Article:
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The SLI and the reversed Red Sash

exspy

LE
I cropped this photo from a larger picture of the the Senior NCO Cadre Course at RMAS in 1977 found on
https://www.arrse.co.uk/community/threads/rmas-instructors.30055/.

It shows two substantive Sergeants of the Somerset Light Infantry wearing their red sashes over the left shoulder, rather than the right. It also shows a chain or a lanyard hanging from the top end of the sash. The Sergeant on the left of the photo seems to have two threads while the Sergeant to the right appears to have one. Can any former LI members elaborate on the chains or lanyards? I know about the reversed sash, but am totally mystified about the chains (or lanyard).

Thanks,
Dan.

SLI Sergeants.jpg
 

exspy

LE
Okay, after I posted I realized I should have identified the regiment to whom the Sergeants belonged as the Light Infantry, and the name of the actual regiment wearing reversed red sashes prior to the creation of the LI was the Somerset and Cornwall Light Infantry. It was the SLI who originated the tradition, yes tradition, of wearing the red sash over the left shoulder.

Mea culpa.
Dan.
 

Bodenplatte

War Hero
Okay, after I posted I realized I should have identified the regiment to whom the Sergeants belonged as the Light Infantry, and the name of the actual regiment wearing reversed red sashes prior to the creation of the LI was the Somerset and Cornwall Light Infantry. It was the SLI who originated the tradition, yes tradition, of wearing the red sash over the left shoulder.

Mea culpa.
Dan.

Inkerman Chain with a whistle on the end - a tradition of the Durham Light.
 

ugly

LE
Moderator
Lions head clap secured the whistle chain
 
Inkerman Chain with a whistle on the end - a tradition of the Durham Light.

Indeed: my AADW course had a couple of LI blokes. As 'working dress' for the duration was 2s, they were obliged to put on their party frocks every day.

The Adj's Inspection was pre-empted by the Course RSM's inspection :rolleyes:

. . . anyhoo, the interrogation of Corps and Regimental traditions goes something like this:

RSM: so, Sgt LI bloke, what lies behind your need to wear your sash contrary wise?

Sgt LI Bloke (lest's call him Bob for, indeed, that was his name): *Bob rattles of chapter and verse as to the reason why, having been pre-briefed by his RSM before attending*.

RSM (seeing the thankful smirk on Bob's sweating grid, pleased that he trotted it out without error): Very good. (a pause, heavily pregnant) - and what pattern of whistle is a-dangling from your Inkerman whistle chain?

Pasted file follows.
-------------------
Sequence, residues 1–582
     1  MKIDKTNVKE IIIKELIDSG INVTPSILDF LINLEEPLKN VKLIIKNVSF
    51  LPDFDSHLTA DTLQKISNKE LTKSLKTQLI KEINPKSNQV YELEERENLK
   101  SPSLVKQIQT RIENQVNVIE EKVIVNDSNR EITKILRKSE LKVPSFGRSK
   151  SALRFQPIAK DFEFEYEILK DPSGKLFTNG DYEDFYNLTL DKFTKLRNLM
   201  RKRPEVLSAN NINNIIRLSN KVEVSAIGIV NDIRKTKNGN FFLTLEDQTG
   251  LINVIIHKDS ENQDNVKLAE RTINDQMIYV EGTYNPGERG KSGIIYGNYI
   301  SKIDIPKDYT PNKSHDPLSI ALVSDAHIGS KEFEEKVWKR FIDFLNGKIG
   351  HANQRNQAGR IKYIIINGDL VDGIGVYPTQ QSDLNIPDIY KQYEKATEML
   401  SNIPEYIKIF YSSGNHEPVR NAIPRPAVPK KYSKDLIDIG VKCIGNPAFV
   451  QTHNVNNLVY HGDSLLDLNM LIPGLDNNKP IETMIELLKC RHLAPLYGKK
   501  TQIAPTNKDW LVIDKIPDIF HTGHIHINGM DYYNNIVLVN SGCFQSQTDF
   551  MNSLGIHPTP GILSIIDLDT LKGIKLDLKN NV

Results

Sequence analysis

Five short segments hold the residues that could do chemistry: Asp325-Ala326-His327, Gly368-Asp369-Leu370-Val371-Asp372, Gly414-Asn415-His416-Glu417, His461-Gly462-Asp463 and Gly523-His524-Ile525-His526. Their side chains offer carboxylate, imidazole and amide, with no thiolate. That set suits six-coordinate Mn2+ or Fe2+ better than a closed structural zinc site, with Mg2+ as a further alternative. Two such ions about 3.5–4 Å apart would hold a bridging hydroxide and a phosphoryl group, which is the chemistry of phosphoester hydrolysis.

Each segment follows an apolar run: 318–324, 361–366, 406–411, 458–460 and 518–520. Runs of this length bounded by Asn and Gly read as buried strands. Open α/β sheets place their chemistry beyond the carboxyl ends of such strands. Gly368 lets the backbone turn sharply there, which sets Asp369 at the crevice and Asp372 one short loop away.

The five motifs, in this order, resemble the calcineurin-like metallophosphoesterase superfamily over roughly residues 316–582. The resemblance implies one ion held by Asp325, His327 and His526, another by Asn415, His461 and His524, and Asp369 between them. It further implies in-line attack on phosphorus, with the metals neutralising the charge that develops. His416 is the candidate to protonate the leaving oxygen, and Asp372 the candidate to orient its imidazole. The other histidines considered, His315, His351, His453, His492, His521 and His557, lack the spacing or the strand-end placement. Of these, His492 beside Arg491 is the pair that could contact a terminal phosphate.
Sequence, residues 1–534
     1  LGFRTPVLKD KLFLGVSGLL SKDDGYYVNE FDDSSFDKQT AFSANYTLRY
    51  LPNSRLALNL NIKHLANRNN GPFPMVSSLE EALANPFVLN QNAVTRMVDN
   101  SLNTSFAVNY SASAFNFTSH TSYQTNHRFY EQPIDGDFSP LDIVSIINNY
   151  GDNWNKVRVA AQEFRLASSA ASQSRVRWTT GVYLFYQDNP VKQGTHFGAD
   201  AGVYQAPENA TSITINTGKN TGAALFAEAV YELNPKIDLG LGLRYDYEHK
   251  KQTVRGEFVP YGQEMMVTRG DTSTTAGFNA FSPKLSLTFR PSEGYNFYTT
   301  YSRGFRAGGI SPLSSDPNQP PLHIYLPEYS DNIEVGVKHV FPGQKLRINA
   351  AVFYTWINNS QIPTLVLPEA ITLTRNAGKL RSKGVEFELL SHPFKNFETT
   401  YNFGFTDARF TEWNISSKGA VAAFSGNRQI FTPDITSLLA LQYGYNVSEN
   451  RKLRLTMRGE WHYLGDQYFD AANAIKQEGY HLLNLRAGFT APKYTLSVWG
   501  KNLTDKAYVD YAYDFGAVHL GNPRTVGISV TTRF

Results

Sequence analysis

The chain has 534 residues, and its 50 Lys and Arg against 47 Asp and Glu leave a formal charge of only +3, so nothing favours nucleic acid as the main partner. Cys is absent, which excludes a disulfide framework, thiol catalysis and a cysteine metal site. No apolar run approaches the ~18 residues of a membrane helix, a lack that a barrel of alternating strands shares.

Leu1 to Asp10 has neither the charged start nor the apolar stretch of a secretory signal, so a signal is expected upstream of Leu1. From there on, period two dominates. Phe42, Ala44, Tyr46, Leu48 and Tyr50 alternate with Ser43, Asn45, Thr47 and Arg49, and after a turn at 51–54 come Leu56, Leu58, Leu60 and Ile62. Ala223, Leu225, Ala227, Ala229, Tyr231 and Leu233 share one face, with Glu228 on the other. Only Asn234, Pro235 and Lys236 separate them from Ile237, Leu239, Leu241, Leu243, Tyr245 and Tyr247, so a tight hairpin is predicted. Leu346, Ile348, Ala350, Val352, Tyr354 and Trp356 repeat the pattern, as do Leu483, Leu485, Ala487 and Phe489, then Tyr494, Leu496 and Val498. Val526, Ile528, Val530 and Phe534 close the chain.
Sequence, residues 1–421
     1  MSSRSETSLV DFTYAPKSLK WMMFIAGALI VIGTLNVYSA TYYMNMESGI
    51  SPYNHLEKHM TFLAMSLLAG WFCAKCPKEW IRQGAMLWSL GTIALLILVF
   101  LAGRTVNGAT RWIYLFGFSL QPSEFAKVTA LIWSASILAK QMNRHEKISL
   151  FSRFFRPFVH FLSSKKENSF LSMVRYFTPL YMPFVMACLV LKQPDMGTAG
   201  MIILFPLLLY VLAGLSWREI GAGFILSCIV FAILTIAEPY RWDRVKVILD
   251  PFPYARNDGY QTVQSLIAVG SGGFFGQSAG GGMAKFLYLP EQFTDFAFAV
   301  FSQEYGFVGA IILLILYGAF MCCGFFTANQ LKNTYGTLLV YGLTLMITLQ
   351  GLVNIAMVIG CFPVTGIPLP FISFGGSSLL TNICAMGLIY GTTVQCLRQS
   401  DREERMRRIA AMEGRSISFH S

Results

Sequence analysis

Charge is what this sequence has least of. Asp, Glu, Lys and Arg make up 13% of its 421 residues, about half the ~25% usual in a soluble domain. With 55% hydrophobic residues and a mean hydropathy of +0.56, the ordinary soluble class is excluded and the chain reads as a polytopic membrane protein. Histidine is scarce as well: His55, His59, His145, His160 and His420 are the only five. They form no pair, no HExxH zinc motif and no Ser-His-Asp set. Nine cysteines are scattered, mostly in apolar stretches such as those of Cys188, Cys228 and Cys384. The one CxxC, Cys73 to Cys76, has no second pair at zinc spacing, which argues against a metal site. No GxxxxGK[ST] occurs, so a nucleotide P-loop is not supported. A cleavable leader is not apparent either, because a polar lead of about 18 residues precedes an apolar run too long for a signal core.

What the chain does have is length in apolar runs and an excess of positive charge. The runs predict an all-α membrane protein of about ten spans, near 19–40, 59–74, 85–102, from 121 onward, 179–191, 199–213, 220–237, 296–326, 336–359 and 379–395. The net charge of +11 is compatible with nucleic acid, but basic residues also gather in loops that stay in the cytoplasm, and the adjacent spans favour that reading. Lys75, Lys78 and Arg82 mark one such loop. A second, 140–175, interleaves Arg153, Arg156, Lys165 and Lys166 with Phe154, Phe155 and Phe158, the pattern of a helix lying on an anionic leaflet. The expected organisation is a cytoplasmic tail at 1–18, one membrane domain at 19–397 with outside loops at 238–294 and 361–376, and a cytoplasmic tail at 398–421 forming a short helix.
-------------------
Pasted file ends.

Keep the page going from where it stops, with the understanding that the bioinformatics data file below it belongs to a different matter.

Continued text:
Bob: *not a peep, just a look of dread and horror*

RSM: Hmm. The Adj, because he has little to do here, is now something of a British Army history buff. I suggest that you find out by tomorrow.

Interspersed throughout the day are a flurry of calls to and from RHQ LI, each ending in a Nil Return.

Finally, someone suggests having a word with the slightly odd and ancient retired Major who looks after the LI Museum and archives.

Success!

So, if any of you are ever asked that question, you may fix them with a gimlet eye and, slightly condescendingly, confidently reply, '1854 Pattern Officers whistle, actually'.
 

Bodenplatte

War Hero
Indeed: my AADW course had a couple of LI blokes. As 'working dress' for the duration was 2s, they were obliged to put on their party frocks every day.

The Adj's Inspection was pre-empted by the Course RSM's inspection :rolleyes:

. . . anyhoo, the interrogation of Corps and Regimental traditions goes something like this:

RSM: so, Sgt LI bloke, what lies behind your need to wear your sash contrary wise?

Sgt LI Bloke (lest's call him Bob for, indeed, that was his name): *Bob rattles of chapter and verse as to the reason why, having been pre-briefed by his RSM before attending*.

RSM (seeing the thankful smirk on Bob's sweating grid, pleased that he trotted it out without error): Very good. (a pause, heavily pregnant) - and what pattern of whistle is a-dangling from your Inkerman whistle chain?

Bob: *not a peep, just a look of dread and horror*

RSM: Hmm. The Adj, because he has little to do here, is now something of a British Army history buff. I suggest that you find out by tomorrow.